Purpose ‐ To describe and analyse the Compagnons du Devoir (CdD), a French Compagnonnage; that is, a labour brotherhood and a community of practice; and to identify the reasons for its success as a human resource development system (HRD). Design/methodology/approach
‐ A one-off case study of the CdD using data gathered by the authors in their capacity as members of a Conseil Scientifique evaluating a project to internationalise the CdD's approach to vocational education and training (VET). Primary sources include the UK apprentices who passed
through the system, and employees of the Compagnons du Devoir. Findings ‐ Much of the success of the CdD rests on its capacity to develop knowledge, skills, and savoir-être in young people through the volume of off-the-job training; near-peer and peer mentoring,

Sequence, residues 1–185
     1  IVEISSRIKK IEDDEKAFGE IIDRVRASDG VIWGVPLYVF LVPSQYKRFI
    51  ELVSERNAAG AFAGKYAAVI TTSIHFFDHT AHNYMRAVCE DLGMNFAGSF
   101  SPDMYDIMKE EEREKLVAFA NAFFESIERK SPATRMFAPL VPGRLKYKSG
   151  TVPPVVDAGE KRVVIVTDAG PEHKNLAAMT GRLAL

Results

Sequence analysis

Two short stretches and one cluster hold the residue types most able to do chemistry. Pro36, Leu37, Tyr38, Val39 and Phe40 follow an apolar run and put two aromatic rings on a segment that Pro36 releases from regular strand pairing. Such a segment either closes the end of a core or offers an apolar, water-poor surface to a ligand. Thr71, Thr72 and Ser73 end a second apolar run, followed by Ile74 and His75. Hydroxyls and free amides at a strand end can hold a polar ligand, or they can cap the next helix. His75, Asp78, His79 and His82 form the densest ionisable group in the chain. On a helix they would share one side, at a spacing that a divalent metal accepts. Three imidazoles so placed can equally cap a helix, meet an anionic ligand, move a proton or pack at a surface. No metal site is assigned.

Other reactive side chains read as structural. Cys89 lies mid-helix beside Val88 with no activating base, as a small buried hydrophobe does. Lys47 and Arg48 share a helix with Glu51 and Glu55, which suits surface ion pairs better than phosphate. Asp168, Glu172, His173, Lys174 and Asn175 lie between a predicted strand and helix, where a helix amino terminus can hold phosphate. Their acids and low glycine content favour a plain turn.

the systematic use of older and retired workers and the management of movement and change through a network of residential colleges. Research limitations/implications ‐ The research design is a single case study, whose primary data is cross-sectional, and based largely on data
gathered from UK rather than French apprentices. Policy implications include the importance of a training rich in culture and humanity for the training of young people. Practical implications ‐ These include the positive role of older workers in VET; the importance of off-the-job
training and mentoring; and the centrality of geographic flexibility in knowledge creation. Originality/value ‐ The paper is a case study of a French Compagnonnage from a managerial/HR perspective rather than those of labour history or sociology. It describes and analyses
the functioning of the CdD using the idea of the honour principle. The CdD's approach to HRD can be usefully contrasted with that offered by other national systems.